Relapse: The Most Common Triggers of All
It’s often assumed that when the very best local drug rehab clinics have discharged a patient, the treatment process comes to an end. In reality however, successfully completing a course of treatment or rehab represents only the first step in and ongoing journey towards freedom from drug addiction. While it’s not the kind of thing most of those going through the process would like to think about, relapse is surprisingly common. Which can be taken in one of two ways – you can either reside yourself to the fact that it is going to be difficult to avoid relapsing, or you can accept the fact that if you do relapse, it doesn’t for one moment represent the end of the road.
Still, it’s always preferable and beneficial to avoid relapse in the first place, which becomes much easier with ongoing professional support. Nevertheless, there will always be certain triggers that make any given individual more likely to relapse. Or at least, struggle to stay on the straight and narrow. Triggers vary significantly from one person to the next, but there are certain examples of universal triggers that have the potential to affect anyone going through the recovery process.
Avoiding relapse means acknowledging these triggers and working to keep them under control – the following representing the most common and potentially dangerous of all:
1 – Overconfidence
The first of all, while confidence plays a critical role in the recovery process from start to finish, there is such a thing as too much confidence. The reason being that when an individual falls into the trap of thinking that they’re 100% in the clear and never going to face the prospect of slipping back into old habits, this is precisely when they are most likely to do exactly that. Good intentions go out of the window and are replaced with a sense of being able to do anything at any time and not pay the price. It’s one thing to take pride in your recovery and build self-confidence – it’s something else entirely to cross the line into overconfidence.
2 – Self-Pity
Right at the opposite end of the scale, self-pity can also be an extremely powerful relapse trigger. Rather than feeling over confidence in your abilities to stay away from drugs or alcohol, you instead reside yourself to the fact that you have no willpower, no confidence and absolutely no chance of success. As such, you see no reason why you shouldn’t simply accept relapse as an inevitability. Self-pity represents something of a vicious circle which leads to a downward spiral that is very difficult to break, without plenty of support and perhaps professional intervention.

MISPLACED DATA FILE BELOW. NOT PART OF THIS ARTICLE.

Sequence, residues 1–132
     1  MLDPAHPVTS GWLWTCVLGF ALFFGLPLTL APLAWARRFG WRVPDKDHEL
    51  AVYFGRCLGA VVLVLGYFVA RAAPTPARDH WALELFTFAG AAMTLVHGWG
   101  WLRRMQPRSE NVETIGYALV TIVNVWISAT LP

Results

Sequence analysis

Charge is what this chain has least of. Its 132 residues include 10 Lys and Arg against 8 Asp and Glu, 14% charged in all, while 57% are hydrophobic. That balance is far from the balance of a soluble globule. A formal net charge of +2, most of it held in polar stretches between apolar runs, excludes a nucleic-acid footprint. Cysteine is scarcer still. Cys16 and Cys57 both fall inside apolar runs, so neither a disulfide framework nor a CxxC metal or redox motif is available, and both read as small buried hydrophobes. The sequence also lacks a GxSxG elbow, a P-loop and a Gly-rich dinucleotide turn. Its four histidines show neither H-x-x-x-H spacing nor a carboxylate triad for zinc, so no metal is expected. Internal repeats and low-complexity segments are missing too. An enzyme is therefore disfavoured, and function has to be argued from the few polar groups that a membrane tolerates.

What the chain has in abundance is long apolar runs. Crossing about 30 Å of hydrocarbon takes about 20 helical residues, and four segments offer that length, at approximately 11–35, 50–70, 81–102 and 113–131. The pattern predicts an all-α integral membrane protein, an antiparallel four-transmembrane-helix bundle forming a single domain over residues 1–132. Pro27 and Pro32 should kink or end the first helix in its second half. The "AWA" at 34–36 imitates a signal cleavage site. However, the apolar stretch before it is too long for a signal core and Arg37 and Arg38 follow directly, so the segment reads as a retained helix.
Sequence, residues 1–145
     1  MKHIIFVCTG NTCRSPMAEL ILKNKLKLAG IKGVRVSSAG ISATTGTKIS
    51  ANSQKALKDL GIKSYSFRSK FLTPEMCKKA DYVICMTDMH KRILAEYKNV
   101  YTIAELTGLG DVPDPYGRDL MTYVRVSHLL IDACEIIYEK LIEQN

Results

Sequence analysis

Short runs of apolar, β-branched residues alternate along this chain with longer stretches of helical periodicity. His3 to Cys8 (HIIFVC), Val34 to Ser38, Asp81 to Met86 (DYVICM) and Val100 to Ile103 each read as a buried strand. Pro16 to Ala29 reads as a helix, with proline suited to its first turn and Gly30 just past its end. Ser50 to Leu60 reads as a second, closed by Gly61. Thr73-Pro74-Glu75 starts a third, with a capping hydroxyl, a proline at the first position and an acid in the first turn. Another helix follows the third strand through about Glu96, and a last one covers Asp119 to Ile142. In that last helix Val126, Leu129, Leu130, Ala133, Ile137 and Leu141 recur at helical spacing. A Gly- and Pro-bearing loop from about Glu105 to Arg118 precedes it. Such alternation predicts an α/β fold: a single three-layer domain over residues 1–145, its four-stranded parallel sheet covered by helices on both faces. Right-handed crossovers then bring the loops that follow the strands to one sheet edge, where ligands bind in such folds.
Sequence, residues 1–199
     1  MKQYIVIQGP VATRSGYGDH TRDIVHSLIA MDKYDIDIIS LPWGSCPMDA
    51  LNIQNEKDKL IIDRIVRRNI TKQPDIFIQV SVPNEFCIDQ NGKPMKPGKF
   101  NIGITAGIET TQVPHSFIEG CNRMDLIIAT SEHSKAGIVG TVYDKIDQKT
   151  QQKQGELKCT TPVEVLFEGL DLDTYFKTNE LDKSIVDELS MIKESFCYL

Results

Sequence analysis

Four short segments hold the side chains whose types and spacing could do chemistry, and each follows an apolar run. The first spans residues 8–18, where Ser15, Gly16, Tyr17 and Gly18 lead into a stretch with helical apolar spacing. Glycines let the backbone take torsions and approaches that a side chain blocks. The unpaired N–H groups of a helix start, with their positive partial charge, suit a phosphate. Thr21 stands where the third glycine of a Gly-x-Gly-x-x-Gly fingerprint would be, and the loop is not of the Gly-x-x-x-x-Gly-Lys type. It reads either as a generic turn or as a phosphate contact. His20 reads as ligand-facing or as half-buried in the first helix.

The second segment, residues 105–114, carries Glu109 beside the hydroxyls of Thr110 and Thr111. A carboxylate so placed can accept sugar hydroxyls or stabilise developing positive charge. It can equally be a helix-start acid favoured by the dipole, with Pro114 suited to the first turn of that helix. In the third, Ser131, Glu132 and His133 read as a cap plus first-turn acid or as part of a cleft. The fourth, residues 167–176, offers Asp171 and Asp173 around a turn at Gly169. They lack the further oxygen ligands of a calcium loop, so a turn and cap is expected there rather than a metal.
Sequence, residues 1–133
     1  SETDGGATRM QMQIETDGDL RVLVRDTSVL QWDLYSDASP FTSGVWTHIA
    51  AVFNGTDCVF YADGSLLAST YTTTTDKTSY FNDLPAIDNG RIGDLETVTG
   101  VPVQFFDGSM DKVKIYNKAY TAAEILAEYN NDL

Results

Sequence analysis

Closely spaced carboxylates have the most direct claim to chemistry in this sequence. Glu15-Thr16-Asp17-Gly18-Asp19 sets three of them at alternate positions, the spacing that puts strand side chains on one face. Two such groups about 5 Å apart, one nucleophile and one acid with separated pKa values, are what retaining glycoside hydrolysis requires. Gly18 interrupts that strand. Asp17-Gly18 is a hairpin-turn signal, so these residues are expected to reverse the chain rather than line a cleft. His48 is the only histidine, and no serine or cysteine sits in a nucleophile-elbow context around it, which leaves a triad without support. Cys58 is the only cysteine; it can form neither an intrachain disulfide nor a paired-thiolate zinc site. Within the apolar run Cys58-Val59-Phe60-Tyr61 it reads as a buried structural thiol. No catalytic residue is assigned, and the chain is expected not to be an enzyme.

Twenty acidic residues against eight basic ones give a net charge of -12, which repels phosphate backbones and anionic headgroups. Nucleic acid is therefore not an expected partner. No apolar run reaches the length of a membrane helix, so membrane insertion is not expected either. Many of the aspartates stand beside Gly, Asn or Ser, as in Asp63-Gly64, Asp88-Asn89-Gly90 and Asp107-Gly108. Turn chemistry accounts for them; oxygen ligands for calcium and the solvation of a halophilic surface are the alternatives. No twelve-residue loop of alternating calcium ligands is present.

3 – Unrealistic Expectations
It’s also important to both enter and go through the recovery process as a whole with realistic expectations. One of the biggest problems with addiction recovery and the treatment process itself is the way in which no two cases are ever 100% identical. What works wonders for one may prove completely ineffective for another. Likewise, what takes just a week for one person to accomplish may take a year or even longer for someone else. Expectations must be tailored accordingly, in order to avoid expecting too much and falling into relapse.
4 – Poor Health
The addiction recovery process inherently means dealing with certain side effects and symptoms – some of which can be rather debilitating. For obvious reasons, it is during periods of poor health and wellbeing in general that many recovering addicts find themselves attempted to slip back into old habits. The reason being that as you feel just about as low as it gets already, you fall into the trap of thinking that relapse won’t make you feel any worse than you already do.
5 – Relationship Issues
If the individual in question is facing a relationship issue, which may have been caused by their addiction or otherwise, the likelihood of relapse increases significantly. Dealing with a relationship issues at the best of times can be incredibly difficult – dealing with them while going through the addiction recovery process represents a much bigger challenge.
6 – Other Substance Abuse
Last but not least, there will always be those who fall into the trap of assuming that just as long as they do not go back to the substance they were addicted to in the first place, other substances can be used to help with the recovery process. One common example being those who quit alcohol getting into the habit of routinely using cannabis as an alternative. The problem being that when you replace one dependency with another, you significantly limit your progress – or perhaps make absolutely no positive progress whatsoever.